Agency Targets Matures With Common Sense, Uncommon Business Model

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Consumers over the age of 50 represent nearly one-third of the total U.S. population, a number that is expected to grow by 42 percent by 2014, according to niche marketing firm The Senior Network, Stamford, CT. And while seniors represent about 42 percent of all after tax income in the country, it still is a segment that is overlooked by marketers.


"This segment has an enormous amount of disposable income and yet the business community is sleeping," said Norman Sherman, TSN managing director, who launched his hybrid marketing communications and direct consumer outreach business in 1990. He touts his firm's dual business model, which, he said, gives clients both access to, and expertise on, the expanding mature consumer market.


TSN's clients have included Blue Cross/Blue Shield, Procter & Gamble, Johnson & Johnson, Nabisco and Novartis Pharmaceutical Corp. -- companies that have long understood the unique needs and characteristics of mature consumers.


But according to Sherman, many big agencies would have less initiated clients believe that the 25-49 year old demographic is still where the sales are. For instance, he said that one of the best marketed cars in the country today is the SUV. He said manufacturers forget that much of the 50+ population (which buys over half of the new cars sold each year) doesn't want to "climb up into their vehicles."


Certainly research on the expanding mature market is not the problem. But Sherman said it often gets disregarded because of overly-entrenched agency-led thinking.


"There are a number of misperceptions about the mature market that inhibit many marketers and agencies from reaching this consumer effectively" he said. "A lot of this thinking is at the brand level where the typical managers are 30 years old or younger. They'll tell you all the same stuff, the same stereotypes because they don't understand the life expectancy reality or the numbers about mature consumers. Yet ask them about their parents and they'll tell you that they're only semi-retired … that they're doing consulting. They'll say their parents have a house here and a summer place there … that they're not like a lot of seniors, that their parents are the exception"


Sherman said the word exception is the key. "Matures are a marketplace of exceptions" he said.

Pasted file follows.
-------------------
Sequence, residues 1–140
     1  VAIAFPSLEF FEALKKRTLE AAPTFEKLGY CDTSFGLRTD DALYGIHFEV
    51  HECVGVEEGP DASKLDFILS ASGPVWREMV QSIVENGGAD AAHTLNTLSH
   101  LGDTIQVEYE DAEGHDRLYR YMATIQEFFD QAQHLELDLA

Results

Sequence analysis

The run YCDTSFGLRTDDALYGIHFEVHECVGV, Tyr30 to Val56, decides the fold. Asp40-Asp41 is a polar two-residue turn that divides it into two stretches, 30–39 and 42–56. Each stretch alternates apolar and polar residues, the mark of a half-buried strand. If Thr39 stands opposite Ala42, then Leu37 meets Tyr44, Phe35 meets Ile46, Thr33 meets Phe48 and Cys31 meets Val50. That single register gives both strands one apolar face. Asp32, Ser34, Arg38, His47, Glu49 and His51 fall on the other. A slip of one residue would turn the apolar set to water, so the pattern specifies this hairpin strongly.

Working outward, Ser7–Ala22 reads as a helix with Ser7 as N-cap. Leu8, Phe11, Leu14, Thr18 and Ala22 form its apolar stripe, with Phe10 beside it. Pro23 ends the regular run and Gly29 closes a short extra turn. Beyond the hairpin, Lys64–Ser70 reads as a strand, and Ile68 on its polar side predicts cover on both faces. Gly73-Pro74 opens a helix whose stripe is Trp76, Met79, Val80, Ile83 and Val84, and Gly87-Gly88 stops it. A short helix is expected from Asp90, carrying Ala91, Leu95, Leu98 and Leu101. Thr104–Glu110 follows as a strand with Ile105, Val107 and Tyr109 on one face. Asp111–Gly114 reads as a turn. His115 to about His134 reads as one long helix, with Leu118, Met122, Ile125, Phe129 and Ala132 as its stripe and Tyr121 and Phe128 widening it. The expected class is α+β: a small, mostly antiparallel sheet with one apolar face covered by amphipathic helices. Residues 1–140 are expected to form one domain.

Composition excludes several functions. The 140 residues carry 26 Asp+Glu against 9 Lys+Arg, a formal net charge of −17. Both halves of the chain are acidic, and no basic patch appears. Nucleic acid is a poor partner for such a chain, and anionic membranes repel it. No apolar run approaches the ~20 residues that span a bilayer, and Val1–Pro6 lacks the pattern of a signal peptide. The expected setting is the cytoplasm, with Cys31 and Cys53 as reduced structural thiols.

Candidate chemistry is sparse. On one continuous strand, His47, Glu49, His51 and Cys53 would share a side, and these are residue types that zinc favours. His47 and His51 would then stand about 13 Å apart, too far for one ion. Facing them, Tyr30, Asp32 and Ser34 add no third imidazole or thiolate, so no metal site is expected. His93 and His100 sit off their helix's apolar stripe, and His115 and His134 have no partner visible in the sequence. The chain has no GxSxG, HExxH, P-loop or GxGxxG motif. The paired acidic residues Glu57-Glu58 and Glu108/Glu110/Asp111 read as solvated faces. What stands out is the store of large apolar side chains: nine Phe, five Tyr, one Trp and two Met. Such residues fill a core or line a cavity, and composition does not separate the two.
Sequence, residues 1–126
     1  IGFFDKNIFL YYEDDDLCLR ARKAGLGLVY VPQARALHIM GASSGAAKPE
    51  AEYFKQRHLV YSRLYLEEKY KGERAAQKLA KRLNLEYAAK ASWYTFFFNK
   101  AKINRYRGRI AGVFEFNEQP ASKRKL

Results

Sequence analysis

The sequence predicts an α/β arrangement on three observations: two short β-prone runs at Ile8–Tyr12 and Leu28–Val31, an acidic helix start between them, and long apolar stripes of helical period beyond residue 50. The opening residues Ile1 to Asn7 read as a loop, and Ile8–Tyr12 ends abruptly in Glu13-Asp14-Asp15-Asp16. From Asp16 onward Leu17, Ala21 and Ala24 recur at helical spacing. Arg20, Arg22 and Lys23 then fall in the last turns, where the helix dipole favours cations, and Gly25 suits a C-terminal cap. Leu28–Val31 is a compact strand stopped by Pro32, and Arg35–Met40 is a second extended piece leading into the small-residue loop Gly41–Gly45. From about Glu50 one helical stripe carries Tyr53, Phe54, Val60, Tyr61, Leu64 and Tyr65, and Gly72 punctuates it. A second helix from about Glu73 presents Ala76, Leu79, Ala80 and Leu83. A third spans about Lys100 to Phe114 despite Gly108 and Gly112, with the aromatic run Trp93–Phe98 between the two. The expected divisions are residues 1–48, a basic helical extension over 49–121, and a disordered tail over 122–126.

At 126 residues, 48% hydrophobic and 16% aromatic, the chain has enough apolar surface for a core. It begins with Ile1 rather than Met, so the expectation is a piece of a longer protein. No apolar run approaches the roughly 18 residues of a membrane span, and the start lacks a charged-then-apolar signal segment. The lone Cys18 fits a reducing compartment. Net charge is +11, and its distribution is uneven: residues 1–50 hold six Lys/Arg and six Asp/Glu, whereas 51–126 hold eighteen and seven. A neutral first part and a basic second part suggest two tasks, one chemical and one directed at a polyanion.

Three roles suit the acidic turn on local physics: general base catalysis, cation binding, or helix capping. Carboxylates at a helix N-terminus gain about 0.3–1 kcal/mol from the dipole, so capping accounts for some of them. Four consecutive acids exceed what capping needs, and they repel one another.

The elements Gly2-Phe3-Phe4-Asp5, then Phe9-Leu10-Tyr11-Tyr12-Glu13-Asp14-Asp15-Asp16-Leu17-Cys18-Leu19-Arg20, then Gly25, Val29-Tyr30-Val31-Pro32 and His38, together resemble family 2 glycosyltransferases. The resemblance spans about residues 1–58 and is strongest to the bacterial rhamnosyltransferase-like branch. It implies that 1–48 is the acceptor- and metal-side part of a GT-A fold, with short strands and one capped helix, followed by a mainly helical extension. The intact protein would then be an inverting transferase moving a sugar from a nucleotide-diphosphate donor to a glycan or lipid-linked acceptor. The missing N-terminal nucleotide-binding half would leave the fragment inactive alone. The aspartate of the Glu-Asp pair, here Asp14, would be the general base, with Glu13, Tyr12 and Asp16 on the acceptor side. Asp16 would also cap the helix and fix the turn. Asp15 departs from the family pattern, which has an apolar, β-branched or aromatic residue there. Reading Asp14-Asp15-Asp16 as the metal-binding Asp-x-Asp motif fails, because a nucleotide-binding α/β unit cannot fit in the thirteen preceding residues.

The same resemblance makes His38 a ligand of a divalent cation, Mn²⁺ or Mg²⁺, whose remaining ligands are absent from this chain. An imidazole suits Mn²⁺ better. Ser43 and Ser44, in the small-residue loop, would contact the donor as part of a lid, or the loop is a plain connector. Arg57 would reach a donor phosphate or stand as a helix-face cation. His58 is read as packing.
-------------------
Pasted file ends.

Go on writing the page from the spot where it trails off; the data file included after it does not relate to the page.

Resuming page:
Even at the Ad Council, New York spokesman Ken Olmer conceded it had been a while since the educational nonprofit organization had designed a campaign targeting matures specifically. "In 1992 we produced an awareness campaign around colon cancer and one on breast cancer in 1993." He also noted public awareness campaigns produced by the council in the 1980's, which focused on senior employment issues and understanding social security regulations.


In general, TSN is positioning itself to take advantage of a marketplace that is no doubt growing, but whose psychographics are being too overlooked by a generation of marketers who apparently think too much like baby boomers.


Sherman cites simple facts about the younger marketer's use of certain terminology and perspective that feeds into off-strategy campaigns and less-than-satisfied clients. For instance, he said mature consumers possess "accumulated wealth" and generally a lot more of it that someone still raising kids. Yet he said marketers insist on looking for things like "dual income" or "earning power" -- useless category jargon that fits the mature niche like a straightjacket.


"Another wrong but long-held belief about this market" said Sherman, "is that they maintain a tremendous degree of loyalty to certain products and as a result, make it harder for marketers to get them to switch. But every piece of data we've seen says that they are just as likely to try something new as any other age group. The problem is usually that the marketer has tried to sell the "new product" to them as if they were marketing it to a thirty old…" Sherman said hard numbers matter, but so do reasonable, well-thought-out strategies, "not the fast-talking commercials and inappropriate marketing images" he said matures usually ignore or find inappropriate at best.


"I kind of like the old phrase 'don't underestimate the consumer, she's your wife,' " said Sherman, "Except I say don't underestimate today's consumer, it could be your mother or your father."


TSN is currently in the process of launching Seniornetwork.com, an online media and marketing communications outreach model connected to local area communities, organizations and senior activity centers across the country.
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